Policy Challenges in Modern Health Care

By David Mechanic; Lynn B. Rogut et al. | Go to book overview

CHAPTER 1
Morality, Politics,
and Health Policy

JAMES A. MORONE

American health care policy is different from health policy in other industrial nations. The United States has no national health insurance, of course. However, that difference simply reflects a deeper contrast in the ways we Americans think about politics and health care. European health policy analysts regularly invoke a “solidarity culture”—a staunch belief in sharing resources and concern for what might be called “the people's health” (Morone 2000). European political cultures and institutions often reflect this collective ideal.

What most observers first notice about the American process is the unabashed pursuit of self-interest. In our dynamic (some would say raucous) system, stakeholders and interest groups jockey for advantage on every issue. One wily nineteenth-century politician put it famously after double-crossing a rival: “Politics is not a branch of the Sunday school business” (Morone 1998). This process poses a challenge for health specialists: groups pushing their own interests will stand up and oppose even the most unambiguous scientific findings.

Both scholars and laypeople usually view health policy largely through the lens of interest group politics. Stakeholders and politicians pursue their preferences. They negotiate with one another, cajole neutral parties, and mobilize their own supporters. Constitutional rules bound this process, and an elaborate network of rights protects each individual. The entire political system lurches along, operating its celebrated checks, balancing public programs with private markets, blunting radical changes, and producing incremental adjustments to the status quo. From this perspective, health science constantly wrestles with self-interested politics. Even robust findings are only as good as the policy coalition that assembles around them.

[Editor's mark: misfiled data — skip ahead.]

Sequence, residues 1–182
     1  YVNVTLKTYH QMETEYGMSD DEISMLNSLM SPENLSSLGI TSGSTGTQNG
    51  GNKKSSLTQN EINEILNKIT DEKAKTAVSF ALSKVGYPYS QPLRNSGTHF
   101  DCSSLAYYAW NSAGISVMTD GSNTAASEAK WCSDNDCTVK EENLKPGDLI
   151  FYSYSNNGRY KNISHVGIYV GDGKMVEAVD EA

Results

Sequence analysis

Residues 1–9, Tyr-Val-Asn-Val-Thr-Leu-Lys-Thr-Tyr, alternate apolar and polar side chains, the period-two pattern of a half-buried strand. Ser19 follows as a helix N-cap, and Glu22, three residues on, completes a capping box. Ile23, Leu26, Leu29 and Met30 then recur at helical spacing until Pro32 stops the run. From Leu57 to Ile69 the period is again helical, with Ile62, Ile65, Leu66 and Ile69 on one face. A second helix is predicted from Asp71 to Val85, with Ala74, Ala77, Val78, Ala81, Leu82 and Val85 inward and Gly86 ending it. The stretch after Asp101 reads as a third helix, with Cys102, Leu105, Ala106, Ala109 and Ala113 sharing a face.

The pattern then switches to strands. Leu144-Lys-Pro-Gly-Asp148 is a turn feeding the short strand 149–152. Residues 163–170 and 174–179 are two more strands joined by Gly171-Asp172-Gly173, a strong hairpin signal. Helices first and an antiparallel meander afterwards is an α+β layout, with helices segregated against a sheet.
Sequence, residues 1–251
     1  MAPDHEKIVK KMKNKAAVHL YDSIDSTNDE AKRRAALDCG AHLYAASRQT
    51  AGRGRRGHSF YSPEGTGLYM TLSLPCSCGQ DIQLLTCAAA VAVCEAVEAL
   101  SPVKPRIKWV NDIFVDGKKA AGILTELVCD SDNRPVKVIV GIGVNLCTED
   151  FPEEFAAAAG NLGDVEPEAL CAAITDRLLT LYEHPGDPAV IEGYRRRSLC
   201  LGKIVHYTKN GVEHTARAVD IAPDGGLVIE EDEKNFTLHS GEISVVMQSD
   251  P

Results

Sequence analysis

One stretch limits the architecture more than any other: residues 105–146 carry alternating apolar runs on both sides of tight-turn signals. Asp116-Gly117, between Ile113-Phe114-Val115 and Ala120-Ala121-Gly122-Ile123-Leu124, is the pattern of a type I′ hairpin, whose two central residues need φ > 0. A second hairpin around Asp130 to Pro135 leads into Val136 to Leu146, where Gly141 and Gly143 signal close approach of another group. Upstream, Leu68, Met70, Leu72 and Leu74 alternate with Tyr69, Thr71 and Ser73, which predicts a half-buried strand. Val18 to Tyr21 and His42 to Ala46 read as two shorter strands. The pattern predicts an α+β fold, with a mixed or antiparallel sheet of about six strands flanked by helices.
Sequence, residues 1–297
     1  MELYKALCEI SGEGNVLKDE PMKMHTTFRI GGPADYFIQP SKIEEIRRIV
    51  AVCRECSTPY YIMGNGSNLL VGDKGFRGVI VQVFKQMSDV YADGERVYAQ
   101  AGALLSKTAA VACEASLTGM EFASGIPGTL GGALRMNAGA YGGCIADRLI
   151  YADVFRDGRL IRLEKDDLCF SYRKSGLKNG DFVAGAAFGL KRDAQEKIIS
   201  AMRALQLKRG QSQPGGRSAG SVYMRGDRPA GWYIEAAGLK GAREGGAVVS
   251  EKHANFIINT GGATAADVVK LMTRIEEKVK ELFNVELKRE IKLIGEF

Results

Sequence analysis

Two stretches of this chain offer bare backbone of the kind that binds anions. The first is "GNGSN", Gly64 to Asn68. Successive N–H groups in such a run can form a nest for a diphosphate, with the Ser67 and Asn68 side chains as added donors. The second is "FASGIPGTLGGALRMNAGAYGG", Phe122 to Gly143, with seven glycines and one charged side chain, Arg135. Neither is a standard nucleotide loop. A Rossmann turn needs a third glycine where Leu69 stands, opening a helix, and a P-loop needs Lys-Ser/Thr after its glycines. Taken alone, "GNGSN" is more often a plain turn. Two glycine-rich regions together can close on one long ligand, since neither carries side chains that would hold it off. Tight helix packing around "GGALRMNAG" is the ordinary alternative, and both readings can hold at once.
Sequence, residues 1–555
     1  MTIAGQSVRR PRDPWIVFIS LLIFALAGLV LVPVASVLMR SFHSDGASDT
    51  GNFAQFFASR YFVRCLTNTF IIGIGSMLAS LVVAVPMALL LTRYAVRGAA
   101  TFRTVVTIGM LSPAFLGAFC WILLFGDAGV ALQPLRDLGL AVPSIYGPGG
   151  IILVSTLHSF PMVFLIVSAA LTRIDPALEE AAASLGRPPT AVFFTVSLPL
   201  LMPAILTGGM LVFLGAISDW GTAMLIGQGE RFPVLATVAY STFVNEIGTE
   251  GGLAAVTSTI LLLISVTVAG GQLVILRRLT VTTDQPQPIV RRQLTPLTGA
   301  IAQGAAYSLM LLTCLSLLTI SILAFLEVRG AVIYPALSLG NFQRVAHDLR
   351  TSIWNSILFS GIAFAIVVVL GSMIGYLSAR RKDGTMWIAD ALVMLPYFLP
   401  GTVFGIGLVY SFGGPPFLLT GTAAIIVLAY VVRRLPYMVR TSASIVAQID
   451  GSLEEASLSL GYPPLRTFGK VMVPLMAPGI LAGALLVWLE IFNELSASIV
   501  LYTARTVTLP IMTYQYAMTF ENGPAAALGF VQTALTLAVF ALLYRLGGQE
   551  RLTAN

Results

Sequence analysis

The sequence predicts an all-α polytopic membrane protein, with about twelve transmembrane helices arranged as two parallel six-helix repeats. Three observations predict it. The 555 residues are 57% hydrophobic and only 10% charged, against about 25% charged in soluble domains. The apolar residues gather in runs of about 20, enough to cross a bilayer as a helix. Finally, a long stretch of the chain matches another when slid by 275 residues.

However, interest group politics is only the most obvious story. Two other traditions run through policymaking in the United States. First, Americans also share an intermittent legacy of cooperation—one that grows especially vivid during a crisis. National service programs (such as VISTA and AmeriCorps), town hall meetings (often employed by political campaigns), and attempts to stimulate citizen participation are all familiar efforts to tap the American communal legacy.

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